Azeglio, Massimo Taparelli, marchese d'

Azeglio, Massimo Taparelli, marchese d'

Azeglio, Massimo Taparelli, marchese d' (mäsˈsēmō täpärĕlˈlē märkāˈzā dädzāˈlyō), 1798–1866, Italian premier and author, b. Turin. He studied painting, then turned to literature and wrote two historical novels. In 1845 he became a leader of the movement for national liberation. He urged a more unified policy but strongly opposed secret conspiracies and violent outbreaks. In his pamphlets he denounced the papal government and condemned Austria's ruthless repression of Italian liberals. He influenced King Charles Albert of Sardinia to take the lead in the struggle and fought (1848) against Austria, being wounded at Vicenza. In 1849 the new king, Victor Emmanuel II, made him premier, a post he held until 1852, when he was succeeded by the more radical Cavour. His autobiography throws much light on the Risorgimento.
The Columbia Electronic Encyclopedia™ Copyright © 2022, Columbia University Press. Licensed from Columbia University Press. All rights reserved.
The following article is from The Great Soviet Encyclopedia (1979). It might be outdated or ideologically biased.

Azeglio, Massimo Taparelli, Marchese d’


Born Oct. 24, 1798, in Turin; died Jan. 15, 1866, in Turin. Italian writer, artist, and political figure.

As a writer, Azeglio belonged to the romantic movement, continuing the line of historical novels begun with A. Manzoni’s The Betrothed. Among Azeglio’s most popular novels were The Tournament at Barletta, or Ettore Fieramosca (1833; Russ. trans., 1847, 1865, 1874, 1934, 1963) and Niccolò de Lapi (1841; Russ. trans., 1865), both of which fostered the growth of national self-awareness. In the 1840’s Azeglio, together with Balbo and Gioberti, was an ideologist and leader of the liberal wing in the Italian national liberation and unification movement. He came out against revolutionary methods of struggle, proposing the unification of Italy “from above,” under the leadership of the Savoy dynasty.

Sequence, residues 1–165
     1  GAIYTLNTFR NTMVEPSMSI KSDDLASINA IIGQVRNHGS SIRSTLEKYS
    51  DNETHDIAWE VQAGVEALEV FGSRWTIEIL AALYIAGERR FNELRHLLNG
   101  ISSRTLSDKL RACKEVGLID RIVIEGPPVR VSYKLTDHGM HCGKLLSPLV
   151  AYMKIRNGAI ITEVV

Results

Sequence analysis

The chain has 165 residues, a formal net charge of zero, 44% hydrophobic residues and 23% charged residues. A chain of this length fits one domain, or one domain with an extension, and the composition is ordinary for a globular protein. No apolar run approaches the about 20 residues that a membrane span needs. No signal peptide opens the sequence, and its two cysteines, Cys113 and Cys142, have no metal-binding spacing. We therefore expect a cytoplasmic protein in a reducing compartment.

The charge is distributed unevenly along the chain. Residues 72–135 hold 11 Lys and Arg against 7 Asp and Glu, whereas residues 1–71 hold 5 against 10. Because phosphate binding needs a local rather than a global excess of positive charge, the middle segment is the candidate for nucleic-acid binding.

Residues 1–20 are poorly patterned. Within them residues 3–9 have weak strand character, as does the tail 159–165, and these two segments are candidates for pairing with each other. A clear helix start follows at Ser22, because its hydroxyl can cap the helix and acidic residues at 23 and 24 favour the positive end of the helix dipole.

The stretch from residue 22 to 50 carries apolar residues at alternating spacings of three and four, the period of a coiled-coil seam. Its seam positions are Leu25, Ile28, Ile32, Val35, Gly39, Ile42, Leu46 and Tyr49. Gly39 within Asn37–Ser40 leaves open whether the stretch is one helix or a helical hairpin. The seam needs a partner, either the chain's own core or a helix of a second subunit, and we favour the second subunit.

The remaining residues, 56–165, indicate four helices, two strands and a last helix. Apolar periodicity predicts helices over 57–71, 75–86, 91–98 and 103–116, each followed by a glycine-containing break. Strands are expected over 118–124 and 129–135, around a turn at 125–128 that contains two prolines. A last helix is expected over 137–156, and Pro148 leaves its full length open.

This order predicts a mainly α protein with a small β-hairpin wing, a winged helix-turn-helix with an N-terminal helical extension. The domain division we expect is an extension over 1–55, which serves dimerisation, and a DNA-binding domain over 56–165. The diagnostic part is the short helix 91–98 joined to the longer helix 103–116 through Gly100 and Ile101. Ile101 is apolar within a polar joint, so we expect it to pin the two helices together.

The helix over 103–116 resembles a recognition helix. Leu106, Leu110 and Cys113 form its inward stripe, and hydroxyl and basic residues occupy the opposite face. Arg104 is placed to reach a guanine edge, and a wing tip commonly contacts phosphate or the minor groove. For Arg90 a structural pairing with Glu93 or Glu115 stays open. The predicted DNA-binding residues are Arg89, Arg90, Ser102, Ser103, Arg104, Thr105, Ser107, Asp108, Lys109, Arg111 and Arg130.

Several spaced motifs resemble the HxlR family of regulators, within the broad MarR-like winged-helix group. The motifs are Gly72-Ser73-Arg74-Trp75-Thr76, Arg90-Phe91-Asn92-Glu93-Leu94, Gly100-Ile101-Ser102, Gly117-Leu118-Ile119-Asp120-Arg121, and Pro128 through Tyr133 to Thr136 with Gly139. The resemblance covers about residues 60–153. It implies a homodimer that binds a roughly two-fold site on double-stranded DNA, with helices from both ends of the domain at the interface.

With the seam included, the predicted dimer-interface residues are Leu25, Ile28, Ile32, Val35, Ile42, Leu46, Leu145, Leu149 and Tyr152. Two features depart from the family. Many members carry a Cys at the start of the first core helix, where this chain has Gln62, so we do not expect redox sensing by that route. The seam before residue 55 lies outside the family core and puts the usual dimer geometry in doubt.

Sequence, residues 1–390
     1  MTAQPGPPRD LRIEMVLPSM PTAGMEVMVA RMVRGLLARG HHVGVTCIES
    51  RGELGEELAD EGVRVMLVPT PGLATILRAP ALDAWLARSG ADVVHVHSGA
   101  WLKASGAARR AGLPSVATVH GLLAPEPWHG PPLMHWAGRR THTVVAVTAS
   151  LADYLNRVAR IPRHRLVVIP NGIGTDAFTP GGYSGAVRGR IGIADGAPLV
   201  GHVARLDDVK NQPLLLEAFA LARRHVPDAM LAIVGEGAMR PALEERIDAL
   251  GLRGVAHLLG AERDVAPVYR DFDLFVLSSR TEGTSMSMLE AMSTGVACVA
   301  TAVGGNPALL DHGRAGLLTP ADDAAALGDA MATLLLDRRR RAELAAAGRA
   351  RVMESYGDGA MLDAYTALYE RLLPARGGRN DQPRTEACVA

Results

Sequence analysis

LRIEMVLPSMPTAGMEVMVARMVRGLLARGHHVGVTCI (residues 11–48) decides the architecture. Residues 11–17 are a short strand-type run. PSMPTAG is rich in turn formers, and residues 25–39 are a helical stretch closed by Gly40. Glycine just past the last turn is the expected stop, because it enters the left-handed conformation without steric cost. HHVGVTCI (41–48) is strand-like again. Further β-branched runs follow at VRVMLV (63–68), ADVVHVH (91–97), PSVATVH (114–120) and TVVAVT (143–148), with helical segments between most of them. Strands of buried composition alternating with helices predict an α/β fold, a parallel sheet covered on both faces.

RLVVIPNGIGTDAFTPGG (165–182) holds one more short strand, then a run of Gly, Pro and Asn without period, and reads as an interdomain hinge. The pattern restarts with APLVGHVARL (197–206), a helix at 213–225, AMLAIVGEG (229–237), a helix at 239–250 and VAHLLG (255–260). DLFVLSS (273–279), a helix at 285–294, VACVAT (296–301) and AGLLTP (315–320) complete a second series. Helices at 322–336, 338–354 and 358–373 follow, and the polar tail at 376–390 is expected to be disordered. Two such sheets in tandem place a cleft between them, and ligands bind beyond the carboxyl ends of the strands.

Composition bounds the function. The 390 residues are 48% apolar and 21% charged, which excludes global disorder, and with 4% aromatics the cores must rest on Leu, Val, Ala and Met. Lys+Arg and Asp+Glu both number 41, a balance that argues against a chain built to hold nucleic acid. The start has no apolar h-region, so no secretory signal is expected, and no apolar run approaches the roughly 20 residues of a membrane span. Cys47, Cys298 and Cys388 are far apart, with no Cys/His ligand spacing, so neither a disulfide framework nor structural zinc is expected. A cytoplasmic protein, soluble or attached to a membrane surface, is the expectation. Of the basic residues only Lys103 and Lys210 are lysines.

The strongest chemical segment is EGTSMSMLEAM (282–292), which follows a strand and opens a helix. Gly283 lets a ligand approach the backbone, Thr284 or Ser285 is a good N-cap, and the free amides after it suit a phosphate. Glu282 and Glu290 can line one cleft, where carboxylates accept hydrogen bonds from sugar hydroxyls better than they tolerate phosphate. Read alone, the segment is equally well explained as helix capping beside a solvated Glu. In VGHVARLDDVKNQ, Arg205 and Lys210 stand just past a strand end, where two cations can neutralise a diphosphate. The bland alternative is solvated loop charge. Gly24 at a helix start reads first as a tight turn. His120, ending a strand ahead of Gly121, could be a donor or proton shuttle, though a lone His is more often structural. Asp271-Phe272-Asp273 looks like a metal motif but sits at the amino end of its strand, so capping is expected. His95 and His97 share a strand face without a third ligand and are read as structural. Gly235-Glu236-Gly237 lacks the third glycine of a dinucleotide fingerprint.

The idea of Italian unity was the basis of Azeglio’s work The Latest Events in Romagna (1846). In 1847 he published his Project for a National Program, which became the political credo for moderate Italian liberals. From 1849 to 1852, Azeglio was prime minister and minister of foreign affairs of Piedmont.


Racconti, leggende, ricordi. Turin, 1918.


Friche, V. M. Ital’ianskaia literatura XIX v. Moscow, 1916.
Vaccalluzzo, N. M. d’Azeglio. Rome, 1925.
Vismara, A. Bibliografia du M. d’Azeglio. Milan, 1878.
The Great Soviet Encyclopedia, 3rd Edition (1970-1979). © 2010 The Gale Group, Inc. All rights reserved.